MWU Information Technology Services (ITS) maintains all of the computers and printers, and supports software applications. Statistical data modeling is completed with the following software programs that have been purchased or have been freely obtained with a perpetual license by Center members: Stata Statistics/Data Analysis v15.0, SigmaPlot 13.0, R version 3.5.1 with Pmetrics v.1.5.2 library, GraphPad Prism v7.04, TableCurve 2D v.5.01, SPSS v.19 with add-on module SPSS Classification Trees 13.0, ADAPT Pharmacokinetic/Pharmacodynamic Systems Analysis Software 5.0.49 utilizing Compaq Visual Fortran v6.6 Standard-Academic, GFortran, and USC*PACK. All PC-based computers have a wide spectrum of institutionally-licensed Microsoft Office Software. All MWU computers are wired to the University's local area network which provides reliable, fast access to the Internet. ITS provides excellent technical support.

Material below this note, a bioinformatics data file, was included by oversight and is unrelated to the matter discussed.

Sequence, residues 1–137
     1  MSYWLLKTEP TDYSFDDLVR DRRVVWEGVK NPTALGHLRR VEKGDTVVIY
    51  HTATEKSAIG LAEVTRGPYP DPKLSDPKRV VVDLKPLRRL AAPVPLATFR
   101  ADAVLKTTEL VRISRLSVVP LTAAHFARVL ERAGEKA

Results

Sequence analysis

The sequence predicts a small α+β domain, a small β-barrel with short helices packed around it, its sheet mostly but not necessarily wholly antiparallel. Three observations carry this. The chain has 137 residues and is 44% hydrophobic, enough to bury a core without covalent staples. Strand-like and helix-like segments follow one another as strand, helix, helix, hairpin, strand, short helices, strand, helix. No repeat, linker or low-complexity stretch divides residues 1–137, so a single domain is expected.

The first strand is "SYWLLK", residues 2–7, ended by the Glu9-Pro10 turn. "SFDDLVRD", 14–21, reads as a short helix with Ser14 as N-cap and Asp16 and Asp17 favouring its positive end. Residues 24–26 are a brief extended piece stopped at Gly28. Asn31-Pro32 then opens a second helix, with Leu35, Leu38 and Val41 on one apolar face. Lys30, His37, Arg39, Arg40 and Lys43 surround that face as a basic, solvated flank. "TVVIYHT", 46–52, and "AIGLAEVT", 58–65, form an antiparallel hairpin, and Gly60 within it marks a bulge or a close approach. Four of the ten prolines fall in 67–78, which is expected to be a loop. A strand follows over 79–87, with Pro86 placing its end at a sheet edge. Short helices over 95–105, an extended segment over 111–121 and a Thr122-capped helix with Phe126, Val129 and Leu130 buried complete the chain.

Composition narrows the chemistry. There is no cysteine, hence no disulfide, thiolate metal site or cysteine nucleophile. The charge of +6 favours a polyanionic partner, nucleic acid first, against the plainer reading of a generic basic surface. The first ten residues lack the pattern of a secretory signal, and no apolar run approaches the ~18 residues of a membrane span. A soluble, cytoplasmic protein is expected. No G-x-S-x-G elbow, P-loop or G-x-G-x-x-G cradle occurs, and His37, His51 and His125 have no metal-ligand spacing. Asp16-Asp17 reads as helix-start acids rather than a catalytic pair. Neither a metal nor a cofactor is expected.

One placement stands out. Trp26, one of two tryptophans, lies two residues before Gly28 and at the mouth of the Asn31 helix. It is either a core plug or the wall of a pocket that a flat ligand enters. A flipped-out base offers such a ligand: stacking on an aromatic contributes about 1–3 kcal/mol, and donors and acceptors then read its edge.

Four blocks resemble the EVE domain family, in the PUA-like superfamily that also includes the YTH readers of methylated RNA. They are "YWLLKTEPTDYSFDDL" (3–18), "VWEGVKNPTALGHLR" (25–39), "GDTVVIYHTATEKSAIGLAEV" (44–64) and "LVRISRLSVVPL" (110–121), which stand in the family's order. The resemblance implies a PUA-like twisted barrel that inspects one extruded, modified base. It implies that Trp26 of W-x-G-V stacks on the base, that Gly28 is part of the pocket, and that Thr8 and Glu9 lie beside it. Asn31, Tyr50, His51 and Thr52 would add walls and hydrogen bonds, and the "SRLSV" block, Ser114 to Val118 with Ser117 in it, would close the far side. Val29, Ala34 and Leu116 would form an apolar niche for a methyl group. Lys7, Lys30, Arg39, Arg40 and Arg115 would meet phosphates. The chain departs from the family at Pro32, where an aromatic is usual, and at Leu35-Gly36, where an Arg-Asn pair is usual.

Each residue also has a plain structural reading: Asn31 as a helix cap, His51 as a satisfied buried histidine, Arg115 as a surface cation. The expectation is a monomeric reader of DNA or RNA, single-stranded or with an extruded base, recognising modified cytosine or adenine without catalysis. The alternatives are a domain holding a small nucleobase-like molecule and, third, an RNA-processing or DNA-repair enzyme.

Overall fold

Feel free to reach us at MWUPCE@midwestern.edu